- 01 Overview
- 02 CMMS Research Track Record
- 03 How it works: CMMS and muSR
- 04 How it Works: CMMS and bNMR
TRIUMF’s Centre for Molecular and Materials Science (CMMS) equips Canadian and international researchers with unique particle beam tools to explore materials’ atomic-level details and guide the way to next-generation technologies and medicines.
The CMMS provides two powerful research tools: Beta-detected Nuclear Magnetic Resonance (bNMR, the Greek-letter b is pronounced ‘beta’); and Muon Spin Resonance (µSR, pronounced “mew-ess-are”). CMMS is North America’s only µSR facility and one of four worldwide.
As researchers develop new materials and new applications for existing materials, it’s necessary to understand and characterize materials’ atomic-level characteristics. While other techniques can reveal atomic-level structure, µSR and βNMR provide information on otherwise invisible atomic-level qualities: magnetic and electric fields; and electron behaviour. It’s these qualities that often determine whether a material will make a breakthrough battery, a new superconductor or cutting-edge computer chip.
Both bNMR and µSR involve implanting a radioactive probe, whether muons, or in bNMR the rare isotope lithium-8 (8Li), into a gas, liquid or solid. The muons and 8Li are microscopic spies, picking-up information about a material’s atomic-level properties and rapidly communicating this out to scientists via their decay products.
The techniques provide both the highest sensitivity to atomic-level magnetic and electrical details and numerous other unique advantages. µSR can be performed with tiny samples, less than the size of a dime, enabling researchers to test new materials in very early R&D stages when only small quantities can be produced, and thus it’s often one of the first tools used in analysis. In bNMR, 8Li can be precisely implanted with nanometer accuracy making bNMR exceptional at the study of the localized magnetic and electronic properties of ultra-thin films, nanostructures and interfaces. 8Li has a half-life of 1.2 seconds, 500,000 times longer than that of a muon, so bNMR and μSR can be used to study phenomena over a wide range of time scales.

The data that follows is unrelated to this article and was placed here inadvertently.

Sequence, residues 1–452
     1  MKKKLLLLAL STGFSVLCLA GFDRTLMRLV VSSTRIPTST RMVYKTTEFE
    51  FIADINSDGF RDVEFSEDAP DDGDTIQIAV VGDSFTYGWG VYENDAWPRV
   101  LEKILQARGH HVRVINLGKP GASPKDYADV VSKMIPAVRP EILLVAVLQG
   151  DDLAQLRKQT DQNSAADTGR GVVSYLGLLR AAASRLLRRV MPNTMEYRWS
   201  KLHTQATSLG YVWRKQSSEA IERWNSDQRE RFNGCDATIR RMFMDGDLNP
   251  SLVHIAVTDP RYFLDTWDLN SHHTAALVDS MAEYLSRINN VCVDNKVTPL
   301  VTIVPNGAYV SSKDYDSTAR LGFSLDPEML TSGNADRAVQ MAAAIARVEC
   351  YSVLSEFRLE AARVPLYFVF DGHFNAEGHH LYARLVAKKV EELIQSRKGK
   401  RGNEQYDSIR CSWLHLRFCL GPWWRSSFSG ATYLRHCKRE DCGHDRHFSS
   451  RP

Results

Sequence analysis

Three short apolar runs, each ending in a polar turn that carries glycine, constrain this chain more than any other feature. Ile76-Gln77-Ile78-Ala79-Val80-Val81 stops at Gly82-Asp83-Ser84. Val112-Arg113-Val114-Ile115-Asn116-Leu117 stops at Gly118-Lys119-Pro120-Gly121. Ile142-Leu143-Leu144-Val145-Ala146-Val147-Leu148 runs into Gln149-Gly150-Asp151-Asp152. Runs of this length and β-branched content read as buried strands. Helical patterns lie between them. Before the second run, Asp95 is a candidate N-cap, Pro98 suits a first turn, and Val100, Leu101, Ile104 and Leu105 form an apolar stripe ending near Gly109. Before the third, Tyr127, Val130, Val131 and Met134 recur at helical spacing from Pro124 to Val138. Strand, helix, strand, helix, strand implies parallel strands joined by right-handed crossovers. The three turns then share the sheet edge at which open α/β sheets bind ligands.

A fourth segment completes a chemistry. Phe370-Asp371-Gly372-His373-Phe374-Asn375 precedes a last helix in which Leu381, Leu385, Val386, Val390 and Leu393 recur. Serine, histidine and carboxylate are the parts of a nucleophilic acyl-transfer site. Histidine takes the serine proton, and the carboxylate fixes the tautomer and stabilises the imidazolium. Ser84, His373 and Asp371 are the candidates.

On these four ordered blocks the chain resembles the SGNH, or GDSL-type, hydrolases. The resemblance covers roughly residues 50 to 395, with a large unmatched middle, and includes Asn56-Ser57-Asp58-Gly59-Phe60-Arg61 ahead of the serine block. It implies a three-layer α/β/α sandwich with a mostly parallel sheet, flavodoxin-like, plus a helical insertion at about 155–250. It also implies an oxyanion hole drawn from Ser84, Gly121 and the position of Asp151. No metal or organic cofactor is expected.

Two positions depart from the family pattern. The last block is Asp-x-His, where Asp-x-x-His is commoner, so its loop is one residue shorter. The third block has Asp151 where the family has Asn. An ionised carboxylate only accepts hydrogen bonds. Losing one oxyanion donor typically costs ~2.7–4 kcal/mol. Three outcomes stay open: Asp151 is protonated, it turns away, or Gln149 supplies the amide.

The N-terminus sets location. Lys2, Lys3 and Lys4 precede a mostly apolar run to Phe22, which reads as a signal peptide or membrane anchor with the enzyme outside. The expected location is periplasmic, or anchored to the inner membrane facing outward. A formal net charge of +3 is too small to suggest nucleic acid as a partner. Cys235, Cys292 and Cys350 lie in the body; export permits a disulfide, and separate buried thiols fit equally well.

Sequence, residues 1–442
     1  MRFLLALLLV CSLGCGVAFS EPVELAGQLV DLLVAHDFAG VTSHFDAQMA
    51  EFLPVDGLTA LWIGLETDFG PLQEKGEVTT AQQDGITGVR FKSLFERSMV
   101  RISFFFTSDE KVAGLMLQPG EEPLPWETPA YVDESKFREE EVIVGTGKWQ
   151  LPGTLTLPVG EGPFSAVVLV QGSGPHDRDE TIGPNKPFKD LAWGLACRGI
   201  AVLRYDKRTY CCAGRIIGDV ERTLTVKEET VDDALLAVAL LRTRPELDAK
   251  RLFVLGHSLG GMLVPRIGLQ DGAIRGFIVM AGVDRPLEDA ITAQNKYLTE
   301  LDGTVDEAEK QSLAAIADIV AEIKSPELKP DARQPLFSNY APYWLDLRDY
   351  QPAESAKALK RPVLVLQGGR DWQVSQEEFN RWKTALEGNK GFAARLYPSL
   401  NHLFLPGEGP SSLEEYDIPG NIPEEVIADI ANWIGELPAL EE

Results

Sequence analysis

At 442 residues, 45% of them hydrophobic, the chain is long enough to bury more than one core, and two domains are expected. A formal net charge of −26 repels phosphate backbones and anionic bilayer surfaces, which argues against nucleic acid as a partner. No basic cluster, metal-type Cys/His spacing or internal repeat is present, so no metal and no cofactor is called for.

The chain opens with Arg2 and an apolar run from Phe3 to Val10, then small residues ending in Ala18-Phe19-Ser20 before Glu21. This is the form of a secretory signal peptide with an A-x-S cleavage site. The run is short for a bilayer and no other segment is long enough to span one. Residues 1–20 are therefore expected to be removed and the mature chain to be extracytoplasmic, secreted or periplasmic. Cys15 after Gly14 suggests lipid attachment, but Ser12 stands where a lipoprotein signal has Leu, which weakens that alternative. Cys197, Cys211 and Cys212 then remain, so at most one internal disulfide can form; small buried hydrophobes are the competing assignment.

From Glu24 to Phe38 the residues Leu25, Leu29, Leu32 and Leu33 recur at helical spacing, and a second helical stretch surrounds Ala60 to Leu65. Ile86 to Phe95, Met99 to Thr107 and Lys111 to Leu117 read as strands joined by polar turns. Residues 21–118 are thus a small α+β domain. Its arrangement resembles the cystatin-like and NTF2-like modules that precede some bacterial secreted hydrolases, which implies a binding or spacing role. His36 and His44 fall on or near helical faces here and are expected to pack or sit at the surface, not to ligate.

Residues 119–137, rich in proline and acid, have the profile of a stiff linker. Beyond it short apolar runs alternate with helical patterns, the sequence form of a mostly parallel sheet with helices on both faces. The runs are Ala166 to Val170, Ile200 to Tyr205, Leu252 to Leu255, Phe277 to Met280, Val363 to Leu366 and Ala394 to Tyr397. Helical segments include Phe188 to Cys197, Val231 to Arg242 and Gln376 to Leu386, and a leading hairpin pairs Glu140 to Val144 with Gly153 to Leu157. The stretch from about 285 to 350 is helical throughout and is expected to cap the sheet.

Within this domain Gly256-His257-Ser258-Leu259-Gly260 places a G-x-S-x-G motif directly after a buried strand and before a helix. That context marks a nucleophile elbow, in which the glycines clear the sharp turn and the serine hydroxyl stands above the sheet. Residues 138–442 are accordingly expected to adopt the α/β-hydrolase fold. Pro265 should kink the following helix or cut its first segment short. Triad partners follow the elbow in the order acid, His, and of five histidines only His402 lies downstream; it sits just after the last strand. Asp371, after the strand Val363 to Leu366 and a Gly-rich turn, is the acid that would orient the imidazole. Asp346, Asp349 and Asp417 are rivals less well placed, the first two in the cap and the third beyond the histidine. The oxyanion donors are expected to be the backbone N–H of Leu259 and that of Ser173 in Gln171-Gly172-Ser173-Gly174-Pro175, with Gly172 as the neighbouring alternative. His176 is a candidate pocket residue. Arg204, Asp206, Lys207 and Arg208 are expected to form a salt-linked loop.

Each year about 100 Canadian and international scientists bring their material samples to CMMS for testing, notably in magnet and superconductor research. Commercial and academic users collaborate with CMMS’ ten scientific and technical staff who provide expert guidance and input on experimental design to maximize CMMS resources. Similarly, CMMS in-house research group has a scientific program that both attracts new users through demonstrating the power of bNMR and µSR as research tools and providing opportunities for collaboration.
03 How it works: CMMS and muSR
Located in the Meson Hall, the μSR facility allows users bring their own research samples to CMMS; usually new or rare materials, for example nanotextured metal alloys for magnets or superconductors. µSR academic users apply through a competitive process overseen by an eight-person international expert scientific committee that assesses the feasibility and scientific interest of the proposed experiment. Academic users have free access to CMMS facilities; commercial users, those whose research results are not published in the open literature, pay $15,000/per day for use of the CMMS facility.
µSR is a much more sensitive variant of the better known nuclear magnetic resonance (NMR), one of the most important tools in science for characterizing substances. µSR uses beams of polarized, positive muons (μ is the Greek letter “mu”) that are implanted into a material coming to rest in the space between atoms. There, a muon’s spin is changed by the local magnetic environment. Each muon’s spin precesses, or wobbles like a top, around the local magnetic field in the material.